It used to be well known that the math preferred by the Lake Geneva lakefront market was two plus two equals four. That formula supposes that land would cost two million and a newly constructed house would cost two million and the end result would be a brand new home at a cost of four million dollars. The market used to love this math, or at least some close variable of it. Two plus two was common, as was two plus three, and to a lesser extent, three plus three. Looking back, those were some mighty fine days. Back then, things made sense. The market played by the rules.
What was known back then was that you wouldn’t want to deploy that math on a lot that wouldn’t support the sum. There were roads that could hold valuations between four and six million, and there were other roads that could not. A note of importance: most roads could not. Renovations took a similar approach to this final valuation, as buyers would buy something for two million, put $500k into a renovation, and feel reasonably content that they could sell for some number marginally higher than the investment. Further up the market, buyers would also buy in the three million range and put whopping renovations on top of that purchase, settling around four million when the last nail was bent. Most of these market moves had one thing in common: they respected the market and sought to keep the total investment in line with some semblance of future market value. What a cute idea.
The new math that 2019 and 2020 have adopted doesn’t care much for this old math. The new math says that if the market can support significant liquidity in the $5-12M range, and if inventory is tighter than tight, then any sort of investment that finds a buyer all in around ten or less is a good one. The new math doesn’t care about location. It might pretend to, but I assure you it doesn’t. The new math supposes that a $1.2M lot plus a $2M new house is worth $4M. The new math looks at the properties as if they are in a vacuum, not attached in any way to their adjacent properties. The new math looks down the lake a ways and finds a home that is selling for $6M and thinks it, too, should be worth $6M. The new math still thinks about how much the land costs and how much the house costs, but it misses the mark on what the final product is worth. But this mistake isn’t really a mistake just yet, because the heat of the market is rounding out this typically egregious error.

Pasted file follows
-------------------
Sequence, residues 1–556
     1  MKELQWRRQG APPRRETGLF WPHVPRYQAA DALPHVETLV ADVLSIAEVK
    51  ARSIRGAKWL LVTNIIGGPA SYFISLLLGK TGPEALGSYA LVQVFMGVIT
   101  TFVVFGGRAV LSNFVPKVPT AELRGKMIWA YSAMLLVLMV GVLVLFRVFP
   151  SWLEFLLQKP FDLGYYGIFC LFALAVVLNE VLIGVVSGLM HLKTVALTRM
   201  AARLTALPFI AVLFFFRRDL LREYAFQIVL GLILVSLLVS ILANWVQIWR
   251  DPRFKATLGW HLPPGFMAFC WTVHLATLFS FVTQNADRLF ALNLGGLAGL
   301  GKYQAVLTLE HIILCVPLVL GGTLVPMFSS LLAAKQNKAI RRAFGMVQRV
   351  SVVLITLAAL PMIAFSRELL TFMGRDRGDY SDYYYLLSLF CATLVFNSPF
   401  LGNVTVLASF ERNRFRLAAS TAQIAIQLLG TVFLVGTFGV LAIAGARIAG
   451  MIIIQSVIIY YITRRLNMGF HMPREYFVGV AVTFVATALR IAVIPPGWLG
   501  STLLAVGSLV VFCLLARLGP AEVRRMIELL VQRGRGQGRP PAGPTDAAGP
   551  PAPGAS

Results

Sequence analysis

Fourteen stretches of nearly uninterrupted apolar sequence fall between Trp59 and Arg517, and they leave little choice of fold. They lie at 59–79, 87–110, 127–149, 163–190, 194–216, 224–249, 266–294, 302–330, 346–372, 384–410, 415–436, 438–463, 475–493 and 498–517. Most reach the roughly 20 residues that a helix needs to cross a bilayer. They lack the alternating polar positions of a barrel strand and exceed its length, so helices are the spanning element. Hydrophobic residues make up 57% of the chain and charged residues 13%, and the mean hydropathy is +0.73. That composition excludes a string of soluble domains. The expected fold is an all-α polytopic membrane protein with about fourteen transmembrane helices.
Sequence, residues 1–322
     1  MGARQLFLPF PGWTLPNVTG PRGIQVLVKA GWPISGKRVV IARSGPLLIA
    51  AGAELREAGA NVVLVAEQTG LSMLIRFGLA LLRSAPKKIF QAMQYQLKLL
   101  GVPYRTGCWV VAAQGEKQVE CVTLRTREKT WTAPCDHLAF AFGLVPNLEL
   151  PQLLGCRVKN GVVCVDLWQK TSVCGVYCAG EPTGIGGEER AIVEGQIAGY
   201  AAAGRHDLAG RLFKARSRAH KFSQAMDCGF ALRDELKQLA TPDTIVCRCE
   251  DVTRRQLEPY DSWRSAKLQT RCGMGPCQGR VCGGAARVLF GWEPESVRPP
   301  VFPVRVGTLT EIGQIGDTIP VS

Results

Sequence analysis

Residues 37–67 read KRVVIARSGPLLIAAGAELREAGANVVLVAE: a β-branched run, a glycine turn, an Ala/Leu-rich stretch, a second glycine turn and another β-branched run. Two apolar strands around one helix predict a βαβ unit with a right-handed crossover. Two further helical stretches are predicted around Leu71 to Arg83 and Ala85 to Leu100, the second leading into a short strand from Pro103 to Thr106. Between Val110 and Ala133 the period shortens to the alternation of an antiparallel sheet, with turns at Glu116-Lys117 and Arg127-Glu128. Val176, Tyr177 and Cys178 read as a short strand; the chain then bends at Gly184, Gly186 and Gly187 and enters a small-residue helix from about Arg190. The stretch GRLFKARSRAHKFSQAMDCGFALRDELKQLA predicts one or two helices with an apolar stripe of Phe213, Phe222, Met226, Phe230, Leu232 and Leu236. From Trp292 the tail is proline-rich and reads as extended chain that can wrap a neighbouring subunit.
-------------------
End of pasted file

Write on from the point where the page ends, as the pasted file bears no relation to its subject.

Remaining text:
At the top end of our market, the math has also changed significantly. Times were, if you wanted to build a magnificent lakefront home on Geneva you would do so out of love of this place, but rarely would you do so while thinking your expensive build was a good financial investment. In the early 1990s, when the top end of our market was selling in the $3-4M range, owners were building $6M homes. They never expected to recoup their investment, rather they approached the spend as though it were indeed solely an investment in enjoyment and personal fulfillment. They built these homes to bring their family together, to find respite from work, to indulge in tangible luxury. This was largely the case into 2016, when the market at the top end changed.
That was the year I sold the Michael Abraham on Pebble Point for $9.95M. And then the ground floor unit at Stone Manor for just under $6M. And then 1014 S Lakeshore in Fontana for $7.35M. The market at the top end had been simmering for a few years, but in 2016 it finally reached a boil. That market continued to hum from that year until this one, and in the mean time we’ve printed several more deals between $7M and $12M. The market at the top end changed from one where we’d historically sell one home north of $4.5M annually into one where we can easily expect to sell 5 or more homes north of $5M annually. What this has done to the upper bracket new construction is obvious. The market no longer views an all-in cost of $10-15M as purely a personal investment. The market views it as something that will likely be liquid in the end, and that belief has fueled a rush of new homes that will find the buyers sitting on total investments in the $10-15M range.
What does this all mean? Well, unless a property is somehow unrivaled in the market, I believe most buyers in the sub $10M range should still approach the market with some understanding of that old math. That’s because the new math doesn’t require any understanding, it just requires motivation.